Music is a big element of everyday life also it may be for almost as long as Humans have been on this planet. I often point to a finding of the 40,000-year-old flute dating back to the ice age as proof for this, but truly, all of the evidence you need is all around you, each day. We recall ballads and music long after the people who 1st composed them have died and rotted away (a thought which I find curiously comforting) and also the music industry, like it or hate it, is always a large business.
However, while the ice age musicians likely survived during a world of stark violence, frozen, dull wastelands and tough, ‘kill or be killed’ inter-cave politics, they by no means required to cope with road works, transport lorries, screaming infants or drunken crowd-rousers on their way to the stag night. Lucky buggers.
Today’s listener has to accommodate all that and much more, which can make listening to your music not only difficult, but additionally dangerous.
Now, though, current science has stumbled across a means in which you’ll be able to still listen to your favourite songs, even if you’re wearing earplugs (no, I’ve not been sniffing discarded paint cans again). It’s called bone conduction tech and no, despite the marginally odd name, it in truth does not harm…
According to recent research, contact with any sound over 100 decibels wears away a membrane known as the myelin sheath and leaves your internal ear susceptible to problems like tinnitus and temporary deafness, which can be the beginning of even more significant problems. Bone conduction technology is developed to bypass many sensitive portions of the ear and reduce the risk of inner-ear damage.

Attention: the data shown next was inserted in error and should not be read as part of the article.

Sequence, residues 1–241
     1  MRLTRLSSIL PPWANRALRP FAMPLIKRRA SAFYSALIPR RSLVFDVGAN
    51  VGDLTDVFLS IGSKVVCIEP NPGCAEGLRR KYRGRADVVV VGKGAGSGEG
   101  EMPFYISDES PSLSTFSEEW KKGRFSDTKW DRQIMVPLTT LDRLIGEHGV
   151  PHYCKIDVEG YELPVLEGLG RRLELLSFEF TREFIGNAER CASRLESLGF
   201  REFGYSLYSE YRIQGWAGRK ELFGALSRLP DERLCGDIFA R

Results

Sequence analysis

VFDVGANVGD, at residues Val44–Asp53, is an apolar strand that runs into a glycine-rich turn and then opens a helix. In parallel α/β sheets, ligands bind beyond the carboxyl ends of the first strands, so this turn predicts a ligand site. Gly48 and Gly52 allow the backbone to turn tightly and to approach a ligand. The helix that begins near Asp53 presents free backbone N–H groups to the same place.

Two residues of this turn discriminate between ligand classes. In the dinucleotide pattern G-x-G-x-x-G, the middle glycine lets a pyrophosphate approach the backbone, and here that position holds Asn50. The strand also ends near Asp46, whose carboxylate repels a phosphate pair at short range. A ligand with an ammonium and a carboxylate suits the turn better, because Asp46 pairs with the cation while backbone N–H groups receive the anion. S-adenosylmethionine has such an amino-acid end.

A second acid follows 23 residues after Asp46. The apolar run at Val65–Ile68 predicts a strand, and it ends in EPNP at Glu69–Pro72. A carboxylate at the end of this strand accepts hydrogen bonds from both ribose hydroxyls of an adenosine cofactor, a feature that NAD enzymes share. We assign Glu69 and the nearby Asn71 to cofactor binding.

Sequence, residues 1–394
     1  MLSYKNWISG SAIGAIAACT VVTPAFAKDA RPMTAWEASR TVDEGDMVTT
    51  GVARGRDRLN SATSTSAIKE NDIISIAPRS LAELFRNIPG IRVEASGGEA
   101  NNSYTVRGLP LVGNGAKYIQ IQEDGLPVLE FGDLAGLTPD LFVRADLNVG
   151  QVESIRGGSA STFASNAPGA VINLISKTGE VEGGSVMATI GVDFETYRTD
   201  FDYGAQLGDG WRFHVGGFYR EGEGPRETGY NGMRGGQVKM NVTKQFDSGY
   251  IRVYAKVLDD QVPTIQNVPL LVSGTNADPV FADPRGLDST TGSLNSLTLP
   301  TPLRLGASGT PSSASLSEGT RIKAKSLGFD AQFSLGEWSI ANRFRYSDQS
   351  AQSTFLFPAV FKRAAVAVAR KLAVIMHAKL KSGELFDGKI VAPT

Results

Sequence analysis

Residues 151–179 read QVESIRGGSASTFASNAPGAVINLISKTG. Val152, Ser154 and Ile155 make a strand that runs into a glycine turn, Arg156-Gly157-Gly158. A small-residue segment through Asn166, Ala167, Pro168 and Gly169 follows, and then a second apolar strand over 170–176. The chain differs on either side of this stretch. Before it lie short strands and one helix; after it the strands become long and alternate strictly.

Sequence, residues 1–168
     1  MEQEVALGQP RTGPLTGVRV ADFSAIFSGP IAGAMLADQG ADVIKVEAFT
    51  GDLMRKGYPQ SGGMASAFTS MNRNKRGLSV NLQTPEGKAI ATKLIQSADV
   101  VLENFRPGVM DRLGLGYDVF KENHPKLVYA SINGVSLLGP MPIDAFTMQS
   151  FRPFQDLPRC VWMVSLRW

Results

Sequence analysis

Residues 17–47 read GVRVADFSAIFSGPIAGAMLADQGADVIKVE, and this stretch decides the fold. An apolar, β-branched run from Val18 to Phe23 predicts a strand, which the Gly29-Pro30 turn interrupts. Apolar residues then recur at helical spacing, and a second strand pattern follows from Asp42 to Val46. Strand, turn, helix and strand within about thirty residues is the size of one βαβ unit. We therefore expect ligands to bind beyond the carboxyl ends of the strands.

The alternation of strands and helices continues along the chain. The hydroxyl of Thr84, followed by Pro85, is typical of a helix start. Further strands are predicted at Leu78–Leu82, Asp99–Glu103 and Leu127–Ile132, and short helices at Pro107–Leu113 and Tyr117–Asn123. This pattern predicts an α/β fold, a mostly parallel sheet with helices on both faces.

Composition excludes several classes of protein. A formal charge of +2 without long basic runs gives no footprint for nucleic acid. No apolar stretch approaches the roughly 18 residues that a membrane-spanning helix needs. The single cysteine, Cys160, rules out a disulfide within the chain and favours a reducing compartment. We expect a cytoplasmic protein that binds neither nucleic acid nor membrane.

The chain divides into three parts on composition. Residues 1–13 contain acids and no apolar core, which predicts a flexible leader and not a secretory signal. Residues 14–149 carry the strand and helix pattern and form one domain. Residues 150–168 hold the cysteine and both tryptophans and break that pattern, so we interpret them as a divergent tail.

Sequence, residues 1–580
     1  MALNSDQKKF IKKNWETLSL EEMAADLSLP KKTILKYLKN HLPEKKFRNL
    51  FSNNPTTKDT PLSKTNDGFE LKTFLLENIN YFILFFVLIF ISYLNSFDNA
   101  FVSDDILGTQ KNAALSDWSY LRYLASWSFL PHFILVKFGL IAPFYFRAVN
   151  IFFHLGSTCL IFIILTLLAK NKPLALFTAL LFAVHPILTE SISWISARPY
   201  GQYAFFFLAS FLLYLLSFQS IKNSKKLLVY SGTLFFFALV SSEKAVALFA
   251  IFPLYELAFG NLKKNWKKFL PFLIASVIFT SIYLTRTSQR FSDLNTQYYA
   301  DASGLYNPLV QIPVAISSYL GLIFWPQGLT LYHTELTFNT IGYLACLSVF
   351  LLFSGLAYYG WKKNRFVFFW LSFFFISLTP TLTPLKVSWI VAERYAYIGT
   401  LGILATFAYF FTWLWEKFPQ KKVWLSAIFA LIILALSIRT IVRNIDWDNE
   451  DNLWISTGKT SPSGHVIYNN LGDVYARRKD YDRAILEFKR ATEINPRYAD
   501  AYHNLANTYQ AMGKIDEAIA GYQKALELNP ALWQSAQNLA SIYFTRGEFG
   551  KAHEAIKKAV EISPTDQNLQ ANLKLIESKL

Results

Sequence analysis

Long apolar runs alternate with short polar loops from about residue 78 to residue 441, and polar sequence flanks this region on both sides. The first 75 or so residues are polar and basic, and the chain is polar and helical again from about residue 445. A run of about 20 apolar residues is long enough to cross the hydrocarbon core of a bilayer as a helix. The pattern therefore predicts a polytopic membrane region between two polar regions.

How? Well, so as to know that, we have to first understand how our ears essentially work. (HERE COMES THE SCIENCE-Y BIT) Basically, noise travels though the space, these sound waves are intercepted by several structures within the ear and are eventually translated and transmitted into our brains (if it helps, imagine it like the encoding/decoding of digital information, like that which guides the actions of the wireless mouse).
The sound waves first encounter a piece of cartilage (yes, similar stuff a shark’s skeleton is made of), which helps to focus the sound, this is called a pinna (but you may call it your outer ear without looking too stupid).
Then, the sound waves pass into your middle ear, that is filled with air and in addition includes both your aural canal and your eardrum (my little brother burst his when he was little and nearly burst mine crying about it). The eardrum vibrates, passing the sound through to the ossicles, which are three small bones (that are actually pretty necessary to your sense of steadiness, I’m told). These tiny bones transmit the sound to the cochlea, which is a fluid-filled infrastructure that ‘encodes’ the signals for our brain to ‘decode’.
Bone conduction tech vibrates the bones of your skull, distributing the noise directly to the cochlea and bypassing the rest of the ear completely. The nerve impulses transmitted to the human brain are precisely the same, however the sensitive mechanism of the ear does not have to deal with the hassle of, to quote Anchorman’s Brick Tamland “LOUD NOISES!”
This method seems to be completely safe; in reality, the eminently deaf composer Beethoven applied a elementary version of this process to be able to create his most well-known works. He attached a rod between his piano and his head and, as such, was able to hear the music he was playing.
So there you go, rather than exposing your sensitive ears to louder and louder volumes, to drown out the background noise, you are able to alternativily stick your earpugs in and play your music at the correct volume. Make no bones about it (groan!)